The discipline of visual culture studies is itself an emerging field in academia and thus leverages a certain degree of creativity in thought and method—this is certainly true of the department at Whitman and it was among the most exciting aspects of my time in the department, working at a cutting-edge in cultural studies with professors who were engaged in their own path-breaking research in the field.
Since leaving Whitman, I have taught English in China, worked in a commercial fishing operation in Alaska and now I work at a university library in Chicago. Each of these experiences has been enriched immensely by my work as an AHVCS major. I suspect my work and life will continue to take me to different places I’ve never been to before and into new fields I haven’t worked in before. The toolbox of critical thinking that I gained as an AHVCS major ensures that wherever I land I can start to make sense of the world around me, how it works, and how I can engage thoughtfully and meaningfully with it.
Brenna TwoBears ’17
All the amazing work I've done, and all that I plan on doing is in large part thanks to the support of the art history and visual culture studies department and all the work they put into helping me cultivate the foundation I'm building my career on.
My time as an Anne Ray Intern at SAR [Indian Arts Research Center, School of Advanced Research] has been life-changing. The director here, Brian Vallo, is from Acoma, one of the local tribes in the area, and he is well-known in the indigenous art world as someone who advocates for rights in these types of institutions. Half of the staff here went through the same internship I did, and are also Native with ties to the surrounding area. The rest of the employees have so much respect and determination to collaborate with tribes here, and make sure that they in turn work to uphold native artists, elders, and practices. There were so many absolutely amazing experiences that I cannot name them all, so I'll just mention a few outstanding ones: working on a speaker series, Trailblazers and Boundary Breakers: Honoring Native Women in Art; collaborating with passionate artists in the area to work with the Youth Detention Center and bring them art education; and finally, participating in a review of a part of the collection here with elders, artists, and representatives from the local tribe where the language most spoken was their indigenous language.
All of this led me to conversing with Brian about his work outside of New Mexico, including a consultancy with the Metropolitan Museum on their plans for a permanent addition to their canon of Native art. On a whim (and the encouragement of my supervisors here) I applied for some internships there, and I am beyond elated to inform you that you are all being contacted by the 2018-2019 Lifchez-Stronach Curatorial Intern in the American Wing! That means I'll be in NYC for 9 months working on their new exhibit (set to open this October), in addition to helping with several NAGPRA cases, training docents, and leading my own specialized set of tours (among other things).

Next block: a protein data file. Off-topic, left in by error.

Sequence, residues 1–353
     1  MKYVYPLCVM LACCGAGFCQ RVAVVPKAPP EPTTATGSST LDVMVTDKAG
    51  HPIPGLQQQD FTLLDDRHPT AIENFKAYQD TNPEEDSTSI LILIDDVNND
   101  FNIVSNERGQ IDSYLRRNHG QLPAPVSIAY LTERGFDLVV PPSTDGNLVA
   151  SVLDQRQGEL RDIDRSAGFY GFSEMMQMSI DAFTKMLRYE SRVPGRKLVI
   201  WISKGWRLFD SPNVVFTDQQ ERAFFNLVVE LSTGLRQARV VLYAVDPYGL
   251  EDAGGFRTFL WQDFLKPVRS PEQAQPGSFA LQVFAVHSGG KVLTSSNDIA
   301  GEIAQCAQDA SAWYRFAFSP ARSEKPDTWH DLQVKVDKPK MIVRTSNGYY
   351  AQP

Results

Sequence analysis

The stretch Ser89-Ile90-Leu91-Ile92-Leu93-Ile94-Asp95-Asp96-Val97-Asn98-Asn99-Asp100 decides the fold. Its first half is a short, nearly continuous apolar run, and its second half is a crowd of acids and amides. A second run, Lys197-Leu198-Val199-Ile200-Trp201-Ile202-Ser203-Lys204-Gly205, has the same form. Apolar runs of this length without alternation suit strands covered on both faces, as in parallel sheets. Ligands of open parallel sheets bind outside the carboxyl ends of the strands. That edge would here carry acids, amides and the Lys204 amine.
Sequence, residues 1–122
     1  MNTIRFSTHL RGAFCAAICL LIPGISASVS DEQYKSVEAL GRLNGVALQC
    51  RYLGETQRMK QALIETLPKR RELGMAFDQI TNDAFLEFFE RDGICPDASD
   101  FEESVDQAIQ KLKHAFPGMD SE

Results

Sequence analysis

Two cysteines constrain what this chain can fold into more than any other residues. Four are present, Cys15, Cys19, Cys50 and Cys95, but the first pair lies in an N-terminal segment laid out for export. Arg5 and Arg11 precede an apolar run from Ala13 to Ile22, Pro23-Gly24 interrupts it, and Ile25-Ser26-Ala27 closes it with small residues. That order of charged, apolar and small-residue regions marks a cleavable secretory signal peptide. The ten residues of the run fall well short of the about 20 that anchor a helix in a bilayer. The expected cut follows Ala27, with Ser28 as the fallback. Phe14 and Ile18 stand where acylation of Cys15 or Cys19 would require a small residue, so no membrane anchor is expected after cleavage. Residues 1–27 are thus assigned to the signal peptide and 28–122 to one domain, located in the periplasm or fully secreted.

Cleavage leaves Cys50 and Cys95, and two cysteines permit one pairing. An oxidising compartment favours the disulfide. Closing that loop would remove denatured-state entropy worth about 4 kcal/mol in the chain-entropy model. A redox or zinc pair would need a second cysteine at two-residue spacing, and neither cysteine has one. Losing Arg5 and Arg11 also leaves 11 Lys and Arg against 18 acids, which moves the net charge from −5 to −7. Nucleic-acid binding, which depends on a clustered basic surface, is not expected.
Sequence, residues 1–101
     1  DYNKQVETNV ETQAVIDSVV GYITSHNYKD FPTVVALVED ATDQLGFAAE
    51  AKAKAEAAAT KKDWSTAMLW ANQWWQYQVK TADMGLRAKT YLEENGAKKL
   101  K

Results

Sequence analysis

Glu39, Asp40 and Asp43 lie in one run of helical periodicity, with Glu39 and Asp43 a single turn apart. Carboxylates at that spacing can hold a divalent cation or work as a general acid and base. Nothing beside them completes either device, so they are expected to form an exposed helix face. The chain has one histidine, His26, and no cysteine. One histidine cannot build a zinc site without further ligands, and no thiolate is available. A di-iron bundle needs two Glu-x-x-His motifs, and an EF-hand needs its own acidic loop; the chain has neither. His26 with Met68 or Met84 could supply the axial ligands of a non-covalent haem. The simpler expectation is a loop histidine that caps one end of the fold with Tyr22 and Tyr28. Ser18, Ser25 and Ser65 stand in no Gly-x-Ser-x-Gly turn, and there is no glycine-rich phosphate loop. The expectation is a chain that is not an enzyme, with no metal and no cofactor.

Joanna Gonda ’17
I wanted to be a math major and eventually become a high school math teacher (the latter is still true). But as the end of my sophomore year approached (and my Whitman math experience became intolerable), AHVCS became the obvious choice.
AHVCS isn't just about art or history. For me, it has been about challenging everything I see, hear, think, and do-addressing how images, music, media, etc. affect our thoughts and actions. I have gained a critical eye and an intense curiosity. Moreover, I have used multiple disciplines to argue and address these issues. AHVCS is the quintessential example of a liberal arts education.
I don't have solid plans yet for next year, but I will either get a teaching job or go to grad school to get my masters to teach (in the California school system). As I write applications and reflect on my four years at Whitman, I realize that I have a lot to offer a classroom and a lot of gratitude for the AHVCS department. And as STEM transitions to STEAM to include arts and design, I am in a great spot to thrive in the classroom!
ps. my computer wants to autocorrect AHVCS to AHCHOO, lol.
Kyra Arnett ’15
During my senior year at Whitman, I counted myself among the most anxiety-ridden people on campus. I knew I wanted to work in the arts, but I wasn't sure what form that might take or how I would get there. As someone who feels most comfortable operating within predictable routines and systems, I had taken thoughtful steps toward my goal: each summer I did internships at arts organizations, and during the school year I worked in the Stevens Gallery. Graduating scared me because I wasn't sure what came next.
After leaving Walla Walla, I moved back into my childhood home. The following summer was consumed by job applications and thoughts of those applications. On more than one occasion, I found myself staring at my computer screen completely paralyzed by the weight of all the jobs I didn't feel qualified to do. To cope, I told myself that on September 1 I would start looking for something else to occupy my time, even if it meant temporarily abandoning my search for an art-related job. I was offered my current position on August 31.
I am now working as the Education Assistant at the Museum of Northwest Art in La Conner, Washington. Since starting about a month ago, my responsibilities have included coordinating school programs and training to lead tours and teach studio art lessons. I am looking forward to future opportunities to develop and participate in community outreach and adult education programs. This is a position that I am in no hurry to leave. I am a valued member of the museum team, and my coworkers seem willing to make space for me to grow and learn. I feel incredibly lucky to have found that.
Life after AHVCS is harder to predict. I don't really know where I will be or what I will be doing ten, five or even one year from now. What I do know is, right now, I am happy and secure. I am challenging myself to just be present in this moment.